On those rare occasions when a description is so apt that it is immediately absorbed into my vernacular, the fusion between language and reality is so total that it can be hard to separate the meaning from the experience. Having been using the term infinite lover for some years now, it’s spilled over into my community so pervasively, and become such a given in my own understanding of the world, that I sometimes find it hard to recall a time before I used it, or how it came to be available to me. I am also left wondering if I coined the term, or I came across it and adopted it. In this case, I’m fairly certain that it was a vanguard use, and one has that shaped my understanding of myself while defining it. The more I use it to describe myself, the deeper my understanding of myself becomes; the term, like my ability to love, seems to continually expand to hold ever more breadth and subtlety.
While it seems fairly easy for people to relate to, and less sticky than polyamorous, there have also been some messy assumptions, nervousness on the part of lovers or future lovers, and misunderstandings about how it applies to and shapes me. So I’ve been inspired to try and capture what it means for me more tangibly, hopefully filling all of our hearts with greater love and confidence in the process!
Taking a look at the definition of ‘infinite’, these are just some of the variations you’ll find listed:
Without beginning or end
Total and all-embracing
Impossible to measure or calculate
Having no ends, limits or boundaries in time or space or extent or magnitude
So, when I say I am an infinite lover, what I mean is that my way of loving and experiencing love is…
Without beginning or end
The feeling of having met or known someone before is often considered to be a sign of connection or even compatibility in romantic love. While I’m not sure I want to postulate on the validity of familiarity as a means for verifying romantic suitability, I can’t deny that a feeling like we’re picking up where we left off is a common element of my connections. The deeper I delve into loving this way, the more I begin to wonder if the lack of a clearly definable starting point in connection is actually a characteristic of the personality type/orientation I increasingly consider infinite loving to be.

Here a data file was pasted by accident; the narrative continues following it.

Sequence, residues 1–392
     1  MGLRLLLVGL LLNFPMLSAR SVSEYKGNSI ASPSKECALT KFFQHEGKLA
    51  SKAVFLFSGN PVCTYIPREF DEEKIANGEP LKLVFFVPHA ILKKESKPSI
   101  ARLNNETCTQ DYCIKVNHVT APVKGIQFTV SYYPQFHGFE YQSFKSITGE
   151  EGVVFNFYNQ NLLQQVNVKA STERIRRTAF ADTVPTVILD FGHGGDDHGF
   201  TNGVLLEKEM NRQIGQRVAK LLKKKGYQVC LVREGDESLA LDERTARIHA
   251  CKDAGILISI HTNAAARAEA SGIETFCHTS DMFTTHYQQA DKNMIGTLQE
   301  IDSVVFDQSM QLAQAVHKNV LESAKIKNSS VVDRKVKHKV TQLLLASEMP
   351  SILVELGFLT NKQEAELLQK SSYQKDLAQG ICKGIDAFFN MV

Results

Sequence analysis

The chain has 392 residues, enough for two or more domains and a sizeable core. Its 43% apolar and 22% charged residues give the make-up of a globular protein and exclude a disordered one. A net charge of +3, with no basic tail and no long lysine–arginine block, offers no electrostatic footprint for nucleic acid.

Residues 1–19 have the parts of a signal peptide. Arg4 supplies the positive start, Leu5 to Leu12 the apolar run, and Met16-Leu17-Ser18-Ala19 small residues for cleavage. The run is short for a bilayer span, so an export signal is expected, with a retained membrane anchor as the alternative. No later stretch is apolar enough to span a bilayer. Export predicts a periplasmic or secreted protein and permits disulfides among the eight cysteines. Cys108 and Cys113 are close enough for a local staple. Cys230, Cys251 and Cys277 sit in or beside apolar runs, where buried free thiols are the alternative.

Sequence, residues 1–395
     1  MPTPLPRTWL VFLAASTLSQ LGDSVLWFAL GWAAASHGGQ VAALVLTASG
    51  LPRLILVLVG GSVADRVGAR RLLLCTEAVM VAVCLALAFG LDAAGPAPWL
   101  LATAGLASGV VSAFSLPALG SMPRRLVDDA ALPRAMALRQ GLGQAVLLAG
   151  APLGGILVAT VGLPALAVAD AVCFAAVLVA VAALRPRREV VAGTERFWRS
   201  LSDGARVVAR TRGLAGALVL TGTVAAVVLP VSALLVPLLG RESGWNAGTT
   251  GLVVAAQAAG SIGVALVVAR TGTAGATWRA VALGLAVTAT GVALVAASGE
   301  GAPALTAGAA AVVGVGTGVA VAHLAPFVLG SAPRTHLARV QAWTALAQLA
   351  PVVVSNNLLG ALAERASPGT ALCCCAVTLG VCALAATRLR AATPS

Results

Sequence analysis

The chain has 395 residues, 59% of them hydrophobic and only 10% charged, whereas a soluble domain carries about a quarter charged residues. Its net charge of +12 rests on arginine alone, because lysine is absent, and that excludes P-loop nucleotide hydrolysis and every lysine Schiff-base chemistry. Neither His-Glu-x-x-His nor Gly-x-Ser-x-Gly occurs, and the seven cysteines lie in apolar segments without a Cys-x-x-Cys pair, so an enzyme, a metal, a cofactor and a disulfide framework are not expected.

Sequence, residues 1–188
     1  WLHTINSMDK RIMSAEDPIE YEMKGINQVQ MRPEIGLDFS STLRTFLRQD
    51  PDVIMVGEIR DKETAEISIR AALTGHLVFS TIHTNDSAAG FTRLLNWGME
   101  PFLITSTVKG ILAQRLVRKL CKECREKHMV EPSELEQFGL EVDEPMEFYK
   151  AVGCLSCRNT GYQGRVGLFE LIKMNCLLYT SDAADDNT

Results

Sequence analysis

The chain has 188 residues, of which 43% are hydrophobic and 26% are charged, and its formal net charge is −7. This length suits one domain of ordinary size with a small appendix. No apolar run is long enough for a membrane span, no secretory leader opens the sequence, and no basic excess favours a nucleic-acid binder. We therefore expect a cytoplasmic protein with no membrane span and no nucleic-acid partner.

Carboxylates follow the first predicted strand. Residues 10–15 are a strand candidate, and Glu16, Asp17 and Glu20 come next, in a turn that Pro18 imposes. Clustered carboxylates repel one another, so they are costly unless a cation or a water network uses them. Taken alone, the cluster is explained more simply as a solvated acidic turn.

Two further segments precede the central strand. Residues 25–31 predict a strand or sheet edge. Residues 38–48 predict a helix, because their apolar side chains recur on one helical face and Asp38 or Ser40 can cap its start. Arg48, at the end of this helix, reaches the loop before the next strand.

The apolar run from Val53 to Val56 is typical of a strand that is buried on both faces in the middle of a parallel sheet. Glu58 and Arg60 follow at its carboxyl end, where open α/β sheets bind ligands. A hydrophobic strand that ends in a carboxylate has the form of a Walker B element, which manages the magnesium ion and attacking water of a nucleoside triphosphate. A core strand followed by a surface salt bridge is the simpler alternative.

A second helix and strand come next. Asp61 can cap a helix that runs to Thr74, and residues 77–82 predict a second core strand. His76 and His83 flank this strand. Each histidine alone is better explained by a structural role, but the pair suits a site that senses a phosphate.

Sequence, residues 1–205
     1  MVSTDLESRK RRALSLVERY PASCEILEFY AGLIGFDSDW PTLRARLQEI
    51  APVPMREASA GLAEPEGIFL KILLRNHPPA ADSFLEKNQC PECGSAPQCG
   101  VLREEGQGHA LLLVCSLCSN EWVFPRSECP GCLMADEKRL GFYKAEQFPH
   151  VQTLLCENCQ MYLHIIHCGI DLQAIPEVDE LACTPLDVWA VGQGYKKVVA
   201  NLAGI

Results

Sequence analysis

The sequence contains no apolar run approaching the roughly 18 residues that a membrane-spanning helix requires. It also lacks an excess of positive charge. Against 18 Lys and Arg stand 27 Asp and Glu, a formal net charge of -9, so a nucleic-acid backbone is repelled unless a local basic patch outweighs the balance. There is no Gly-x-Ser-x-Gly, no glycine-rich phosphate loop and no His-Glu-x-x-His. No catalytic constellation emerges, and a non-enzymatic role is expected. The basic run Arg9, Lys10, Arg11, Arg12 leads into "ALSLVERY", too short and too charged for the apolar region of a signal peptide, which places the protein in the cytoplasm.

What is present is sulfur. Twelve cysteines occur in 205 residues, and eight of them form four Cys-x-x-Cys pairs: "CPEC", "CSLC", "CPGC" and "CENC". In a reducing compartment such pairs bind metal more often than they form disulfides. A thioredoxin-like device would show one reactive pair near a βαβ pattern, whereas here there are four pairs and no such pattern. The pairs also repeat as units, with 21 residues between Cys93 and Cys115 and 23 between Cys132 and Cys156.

I think an achronological experience of connection also goes hand in hand with the deconstruction of standard relationship models that happens in unconventional loving. If we have stepped off the relationship escalator, and the ‘success’ or viability of our togetherness is more reliant on our ability to be present and available to each other in a given moment than on ticking off conventional relationship milestones, then it is vastly more possible – and fitting – for relationships to exist cyclically over any linear fashion.
Instead, we ebb and flow, we shift between modalities, and often feel like we’re continuing a pre-existing story. And that’s pretty nice, even if it does need to examined to make sure it’s trustworthy.
Total and all-embracing
This applies just as aptly to individual connections as it does to the act or nature of connection itself.
Something that has puzzled me almost as much as the people I have tried to explain it to is how each of my connections, regardless of how ‘limited’ they might be, has the potential to fill my entire being, in seeming defiance of the laws of emotional physics. After more than three decades of experience, the options I see are to resist and deny (tried that all through my twenties, and it sucked!), or to accept, understand, learn to safely navigate, and channel the abundance of feeling (I’ll take door no.2, Eddie!).
Indulge me while I seemingly digress for a moment. It’s been a rough few weeks, and the trip down memory lane will promote positive neuroplasticity and stimulate oxytocin. And we’ll be back to the point before you know it.